As Michael Mason ’85 introduced the upcoming unit on Shakespeare to his 10th-grade English class at Mount Saint Joseph, he was met with predictable groans of protest. Few high schoolers are eager to decipher the archaic language of the Elizabethan Era, but Mike was determined to make the lessons interesting. Before diving into Julius Caesar with his class, he set the scene of the Shakespearean tragedy, relating the themes of the play’s historical events to the students’ contemporary world.
Rather than reading silently at their desks, students were assigned parts to perform at the front of the class. Mike encouraged them to gesture emphatically and read aloud with inflection and energy. “It’s not just reciting words off of the page,” he instructed. “You are trying to express who that person was and what they were feeling.” As the students grew comfortable in their new personas, their acting became livelier; before long, the entire class was engaging with the story.
It was this moment—watching once-reluctant students enthusiastically embody the characters of classic literature—that confirmed Mike’s passion for education. He had only been a teacher a short time, but all the work he had done prior served the same goal: to help young people grow intellectually, spiritually, emotionally, and socially. And he was more motivated than ever to continue pursuing that mission.
Mike’s holistic approach to student development stems from his own experiences as a student at Mount Saint Joseph. At The Mount, he not only excelled academically, but he was also heavily involved in the life of the school, participating in drama club, language club, speech and debate, and campus ministry.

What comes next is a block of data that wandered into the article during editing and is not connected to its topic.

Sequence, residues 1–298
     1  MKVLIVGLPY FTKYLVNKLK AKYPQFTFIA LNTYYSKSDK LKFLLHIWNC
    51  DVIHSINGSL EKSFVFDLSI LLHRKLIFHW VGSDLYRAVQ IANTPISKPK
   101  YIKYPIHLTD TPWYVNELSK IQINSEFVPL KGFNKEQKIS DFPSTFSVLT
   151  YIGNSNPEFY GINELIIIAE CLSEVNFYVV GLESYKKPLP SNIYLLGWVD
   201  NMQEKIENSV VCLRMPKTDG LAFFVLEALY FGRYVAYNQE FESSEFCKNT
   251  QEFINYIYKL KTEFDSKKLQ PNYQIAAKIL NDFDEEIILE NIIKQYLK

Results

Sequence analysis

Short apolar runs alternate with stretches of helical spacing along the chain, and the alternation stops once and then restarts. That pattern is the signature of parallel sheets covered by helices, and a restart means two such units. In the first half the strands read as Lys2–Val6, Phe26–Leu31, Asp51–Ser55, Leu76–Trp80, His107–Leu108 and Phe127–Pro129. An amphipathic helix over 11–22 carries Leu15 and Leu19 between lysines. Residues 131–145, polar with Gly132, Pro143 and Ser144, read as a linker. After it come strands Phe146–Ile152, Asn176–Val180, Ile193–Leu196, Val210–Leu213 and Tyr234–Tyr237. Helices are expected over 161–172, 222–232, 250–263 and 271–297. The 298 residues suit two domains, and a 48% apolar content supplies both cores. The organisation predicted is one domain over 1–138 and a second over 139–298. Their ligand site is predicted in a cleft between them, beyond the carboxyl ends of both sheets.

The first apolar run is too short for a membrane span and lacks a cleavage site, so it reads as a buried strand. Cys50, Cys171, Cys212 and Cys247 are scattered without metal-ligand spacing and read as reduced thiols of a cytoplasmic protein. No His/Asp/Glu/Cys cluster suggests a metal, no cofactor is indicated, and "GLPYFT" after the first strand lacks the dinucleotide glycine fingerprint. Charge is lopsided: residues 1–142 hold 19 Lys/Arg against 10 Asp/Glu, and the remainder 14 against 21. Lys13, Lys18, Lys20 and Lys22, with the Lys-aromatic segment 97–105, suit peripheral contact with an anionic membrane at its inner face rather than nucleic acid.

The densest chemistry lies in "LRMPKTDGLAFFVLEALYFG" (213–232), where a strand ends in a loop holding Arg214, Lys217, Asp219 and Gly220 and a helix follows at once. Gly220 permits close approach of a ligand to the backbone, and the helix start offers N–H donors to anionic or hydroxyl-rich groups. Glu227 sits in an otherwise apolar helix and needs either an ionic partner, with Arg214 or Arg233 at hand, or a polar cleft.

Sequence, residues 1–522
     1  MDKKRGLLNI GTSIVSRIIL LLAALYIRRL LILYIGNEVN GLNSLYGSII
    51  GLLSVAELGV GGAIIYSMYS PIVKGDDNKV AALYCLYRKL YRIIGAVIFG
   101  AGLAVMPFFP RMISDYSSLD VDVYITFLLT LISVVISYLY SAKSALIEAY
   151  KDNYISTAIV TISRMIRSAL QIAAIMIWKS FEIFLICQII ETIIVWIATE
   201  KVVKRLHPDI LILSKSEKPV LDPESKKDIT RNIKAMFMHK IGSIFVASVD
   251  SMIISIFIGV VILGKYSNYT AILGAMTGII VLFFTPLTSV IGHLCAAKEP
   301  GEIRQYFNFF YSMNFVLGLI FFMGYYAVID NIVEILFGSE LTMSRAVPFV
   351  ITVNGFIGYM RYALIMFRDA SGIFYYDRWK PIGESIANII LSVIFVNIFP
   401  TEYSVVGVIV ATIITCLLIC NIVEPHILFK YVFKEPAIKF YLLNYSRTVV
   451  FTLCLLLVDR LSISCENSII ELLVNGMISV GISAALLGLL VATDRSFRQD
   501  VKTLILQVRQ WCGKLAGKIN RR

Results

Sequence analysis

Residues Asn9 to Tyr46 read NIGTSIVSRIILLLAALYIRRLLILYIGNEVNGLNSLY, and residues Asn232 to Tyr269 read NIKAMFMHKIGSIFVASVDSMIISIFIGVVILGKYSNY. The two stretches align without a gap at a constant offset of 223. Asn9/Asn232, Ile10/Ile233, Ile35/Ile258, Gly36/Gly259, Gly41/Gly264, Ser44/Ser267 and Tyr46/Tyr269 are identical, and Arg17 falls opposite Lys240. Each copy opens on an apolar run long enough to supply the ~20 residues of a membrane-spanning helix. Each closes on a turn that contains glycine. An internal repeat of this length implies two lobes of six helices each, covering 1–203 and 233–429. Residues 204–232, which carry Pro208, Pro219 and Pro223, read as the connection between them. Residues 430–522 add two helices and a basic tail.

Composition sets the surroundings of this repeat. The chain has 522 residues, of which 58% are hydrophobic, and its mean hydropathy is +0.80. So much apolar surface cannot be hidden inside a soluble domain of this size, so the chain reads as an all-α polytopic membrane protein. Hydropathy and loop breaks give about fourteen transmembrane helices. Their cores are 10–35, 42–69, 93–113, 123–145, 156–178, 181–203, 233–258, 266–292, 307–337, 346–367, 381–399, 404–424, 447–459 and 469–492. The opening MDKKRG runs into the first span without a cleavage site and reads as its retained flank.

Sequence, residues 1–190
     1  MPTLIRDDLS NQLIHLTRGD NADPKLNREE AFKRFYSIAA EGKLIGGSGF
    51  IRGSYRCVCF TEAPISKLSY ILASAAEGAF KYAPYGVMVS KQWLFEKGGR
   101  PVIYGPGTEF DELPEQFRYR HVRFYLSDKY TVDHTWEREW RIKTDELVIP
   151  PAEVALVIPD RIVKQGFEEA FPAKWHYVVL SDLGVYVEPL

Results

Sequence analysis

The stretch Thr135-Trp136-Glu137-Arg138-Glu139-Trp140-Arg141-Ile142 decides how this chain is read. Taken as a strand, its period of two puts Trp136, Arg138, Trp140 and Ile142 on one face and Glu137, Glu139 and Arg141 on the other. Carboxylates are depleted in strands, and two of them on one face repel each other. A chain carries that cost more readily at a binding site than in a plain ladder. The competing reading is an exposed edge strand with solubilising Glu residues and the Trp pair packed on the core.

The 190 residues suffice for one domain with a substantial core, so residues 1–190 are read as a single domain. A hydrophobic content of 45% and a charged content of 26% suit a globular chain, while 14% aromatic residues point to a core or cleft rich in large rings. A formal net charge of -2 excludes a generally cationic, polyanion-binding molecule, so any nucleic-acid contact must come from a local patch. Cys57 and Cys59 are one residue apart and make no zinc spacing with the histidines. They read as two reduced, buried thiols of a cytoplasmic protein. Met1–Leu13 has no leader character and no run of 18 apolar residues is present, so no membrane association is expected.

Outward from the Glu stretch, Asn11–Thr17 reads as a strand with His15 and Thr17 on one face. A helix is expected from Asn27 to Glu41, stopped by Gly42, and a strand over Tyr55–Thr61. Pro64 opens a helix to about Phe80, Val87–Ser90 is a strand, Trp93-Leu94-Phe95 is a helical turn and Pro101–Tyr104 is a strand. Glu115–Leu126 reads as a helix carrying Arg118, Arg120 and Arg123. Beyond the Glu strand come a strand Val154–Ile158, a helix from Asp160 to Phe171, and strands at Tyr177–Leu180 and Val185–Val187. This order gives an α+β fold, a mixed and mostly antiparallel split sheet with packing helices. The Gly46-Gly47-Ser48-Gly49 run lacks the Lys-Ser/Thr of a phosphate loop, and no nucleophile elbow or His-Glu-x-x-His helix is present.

“One of the hallmarks of my time at Saint Joe was a course I took in my senior year called Christian Involvement,” Mike recalls. “During the spring semester, we engaged in community service, and my placement was at Caton Manor Nursing Home. That was a really eye-opening experience for me. It really got me thinking about a career working with people in some sort of helping profession.”
Mike went on to Loyola University, Maryland, where he studied English and served as an orientation leader and a resident assistant. He also continued to be involved with campus ministry. During his senior year, he earned an internship with the Maryland State Department of Education with a primary focus on helping incorporate service learning into the public school system as a graduation requirement. He spent the summer as a team leader for high school service projects.
After college, Mike managed volunteers at Christopher Place Employment Academy, a residential employment program for formerly homeless men. He worked with a variety of volunteer groups, assigning projects and educating them on the needs of the shelter.
Then, he spent three years leading youth ministry at the Church of the Resurrection in Ellicott City, coordinating religious education, leadership and retreat programs, and Confirmation preparation. While he enjoyed helping middle and high school students discover their unique skills and strengths, he soon felt called to try teaching in the traditional classroom setting.
“My goal was to get back to Saint Joe, to the place that had given me so much,” Mike says. So, after a one-year stint teaching Church History and Ethics at Archbishop Spalding High School, he eagerly applied for a newly open position as an English teacher at his alma mater. From 1995 to 1998, he taught 10th- and 11th-grade English, served as junior class moderator, and coached the speech and debate team. “Those were three of the best years, professionally, I’ve ever had,” he admits. “I’ve loved all of the things I’ve done but being back at Saint Joe was such a rare opportunity.”